The Winter Woes and How To Vanquish Them

Lainey and Al are ready to take on the frigid temps! Photo courtesy of Lainey's IG. Lainey and Al are ready to take on the frigid temps! Photo courtesy of Lainey's IG.

I always think that January and February are by far the hardest months to survive for us horse riders, both mentally and physically. The rush of the end-of-season competitions and the holidays and time spent with family get us through November and December with surprising speed, and before you know it, the new year is upon you.

For those of us who don’t live in artic climates (Vermonters, you know what you signed up for!), the weather takes a certain turn in January from tolerable to downright rude. There’s the regular winter cold, and then there’s holy-crap-I’m-wearing-so-many-layers-I-feel-like-the-Michelin-man cold, and the latter usually shows up right after New Year’s.

Not only that, but unless you’re lucky enough to migrate south, it can be pretty hard to a) not be consumed by jealousy of T-shirt pictures on Facebook or b) keep your mental motivation to persevere with your seemingly monotonous and competition-less schedule.

Well, dear readers, I’m not going south this year either, and so I’ve come up with some essential survival skills for the next two months until I can see competition daylight at the end of the tunnel.

Make Your Own Motivation

The worst part of the winter doldrums is coming up with the motivation to go ride around in miserable weather pursuing some sort of post-holiday fitness and competency for both you and your horse. Unless you have some pretty big and obvious obstacles to work on, it can get pretty monotonous.

A great way to motivate yourself is to get a pen and paper and plan out your goals for each month. If you’e competing, write down the events you want to aim for and what level you’re doing. If you’re working toward competing, write down accomplishment goals pertaining to your weaknesses or troubles. Find some early schooling shows or even a clinic to help you set concrete dates.

By March 1, I want to be able to canter courses at Training height on Leo consistently, without feeling like I might rocket into space by overjumping an oxer. How do I get there? This leads me to my next point …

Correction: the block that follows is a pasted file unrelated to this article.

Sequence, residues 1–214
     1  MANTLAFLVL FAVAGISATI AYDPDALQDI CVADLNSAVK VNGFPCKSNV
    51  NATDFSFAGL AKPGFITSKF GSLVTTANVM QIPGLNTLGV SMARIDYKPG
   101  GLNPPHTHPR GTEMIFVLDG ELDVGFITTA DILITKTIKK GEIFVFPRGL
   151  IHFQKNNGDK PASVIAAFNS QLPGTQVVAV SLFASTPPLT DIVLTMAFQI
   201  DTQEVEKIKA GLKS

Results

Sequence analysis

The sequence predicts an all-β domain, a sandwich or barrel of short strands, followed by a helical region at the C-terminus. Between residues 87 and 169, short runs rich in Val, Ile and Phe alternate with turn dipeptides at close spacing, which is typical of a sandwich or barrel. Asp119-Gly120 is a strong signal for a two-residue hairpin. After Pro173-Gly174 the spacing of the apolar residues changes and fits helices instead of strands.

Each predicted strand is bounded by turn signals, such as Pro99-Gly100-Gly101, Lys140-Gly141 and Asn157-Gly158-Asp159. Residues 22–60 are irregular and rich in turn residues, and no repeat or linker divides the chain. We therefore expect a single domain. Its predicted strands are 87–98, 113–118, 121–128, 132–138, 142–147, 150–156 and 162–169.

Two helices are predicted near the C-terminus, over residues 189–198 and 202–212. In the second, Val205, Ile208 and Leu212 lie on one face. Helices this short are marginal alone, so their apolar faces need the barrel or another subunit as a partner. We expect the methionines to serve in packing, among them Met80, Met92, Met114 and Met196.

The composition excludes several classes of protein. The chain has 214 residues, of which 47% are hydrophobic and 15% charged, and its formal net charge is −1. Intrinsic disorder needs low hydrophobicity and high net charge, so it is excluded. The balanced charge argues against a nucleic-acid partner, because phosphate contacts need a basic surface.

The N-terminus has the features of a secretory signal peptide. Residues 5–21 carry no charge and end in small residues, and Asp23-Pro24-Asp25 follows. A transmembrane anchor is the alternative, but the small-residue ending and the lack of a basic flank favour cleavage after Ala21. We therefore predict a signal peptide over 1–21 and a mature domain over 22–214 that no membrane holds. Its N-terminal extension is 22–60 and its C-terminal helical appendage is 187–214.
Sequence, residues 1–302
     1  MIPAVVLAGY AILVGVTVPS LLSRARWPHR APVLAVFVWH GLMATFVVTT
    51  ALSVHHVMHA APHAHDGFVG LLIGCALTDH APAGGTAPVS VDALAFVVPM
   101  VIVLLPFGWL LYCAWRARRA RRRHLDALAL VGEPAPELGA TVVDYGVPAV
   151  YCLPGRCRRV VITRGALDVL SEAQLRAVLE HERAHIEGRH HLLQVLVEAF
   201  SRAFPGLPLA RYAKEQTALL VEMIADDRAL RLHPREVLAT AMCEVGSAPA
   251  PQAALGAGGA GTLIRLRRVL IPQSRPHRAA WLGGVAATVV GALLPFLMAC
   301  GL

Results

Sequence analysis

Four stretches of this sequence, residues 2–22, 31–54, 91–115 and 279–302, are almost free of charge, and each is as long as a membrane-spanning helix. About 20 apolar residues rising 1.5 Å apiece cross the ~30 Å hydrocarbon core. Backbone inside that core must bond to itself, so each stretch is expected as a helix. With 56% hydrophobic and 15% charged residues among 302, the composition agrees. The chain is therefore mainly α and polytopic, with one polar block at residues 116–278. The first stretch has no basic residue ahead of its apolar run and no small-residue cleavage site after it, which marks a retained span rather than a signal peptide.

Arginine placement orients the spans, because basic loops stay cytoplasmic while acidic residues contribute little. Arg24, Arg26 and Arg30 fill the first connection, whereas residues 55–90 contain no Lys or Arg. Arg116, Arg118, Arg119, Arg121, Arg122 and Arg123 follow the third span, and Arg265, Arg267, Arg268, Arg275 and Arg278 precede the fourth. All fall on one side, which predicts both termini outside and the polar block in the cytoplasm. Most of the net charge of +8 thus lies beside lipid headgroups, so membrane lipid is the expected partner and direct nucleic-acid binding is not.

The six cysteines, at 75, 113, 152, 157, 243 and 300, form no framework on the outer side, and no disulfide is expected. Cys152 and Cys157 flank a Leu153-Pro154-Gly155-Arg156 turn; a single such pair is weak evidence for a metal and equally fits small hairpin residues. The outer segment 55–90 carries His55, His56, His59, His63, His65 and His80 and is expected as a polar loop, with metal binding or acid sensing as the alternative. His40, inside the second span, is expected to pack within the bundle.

Break It Into Bite-Size Pieces

If all you do is plan for something nebulous in three months, its hard to get there without feeling like time is going really slow and then suddenly really fast. Work backward from a goal several months in advance and break it into week by week achievable feats.

Sometimes, I find it useful to do fitness goals for my horses like you would a rehab case: by the numbers. This week, I want to do two days of 10-minute trot sets followed by one 5-minute canter. Next week, I add two minutes to the trot, one to the canter. Bring a stopwatch on your rides; log your minutes on a calendar.

If you want to improve one thing in particular, don’t say, “I’m going to do this one thing until I either die or master it!” This will result in your insanity and probably make your horse hate you. Be reasonable! Allow for hack days and free choice days while incorporating your goals.

Invest In Lightweight Yet Effective Outdoor Outfits

Yes, only Lainey can pull off the face mask and still look good, but we can all aspire to be so fashionable! I have a very particular layering technique in the winter that allows me to go all day without experiencing discomfort or cold, no matter how the temps fluctuate. Chief among this technique is: Under Armour (AKA winter’s enemy). This stuff is my savior, and I would live in it year round because of the stretchy comfort factor. P.S. Lainey, where did you get that face mask? I want one so bad right now.

Work On Your Own Fitness

As much as we think about our horses’ strength, fitness, diet and daily regime, we probably neglect our own. Horse people are notorious for obsessing over the smallest cut on our equine partner’s leg, but walking around with an undiagnosed fractured ankle held together by vet wrap and popsicle sticks. This theme does not go astray when it comes to our fitness.

Riding a million horses doesn’t make you as fit or strong or healthy as you’d imagine. That’s why most upper-level riders combine their equine efforts with cross training of some sort. You don’t have to go all Michael Pollard with it (sorry, Team Pollard!) and do CrossFit four days a week and run monthly marathons, but you can add a little something in there. Use those extra dark hours of winter doldrums to hit the gym or do some yoga in your bedroom!

Bake A Cake

Don’t let Floridian jealousy get the better of you! Instead, think of your riding as baking a cake. You know what you want in the end, but the way to get there is to single-mindedly focus on the ingredients and the process. Find a recipe from a trusted friend. Combine the ingredients together in the correct order (aways cream the butter and sugar and add eggs one at a time). Bake at the right temperature for the right amount of time. At the end, even if isn’t perfect, it’s still cake!

OK, metaphor over. But seriously, appreciate the process and find ways to have little winning moments along the way. And if all else fails, bake an actual cake and invite your friends over to commiserate in front of the fire.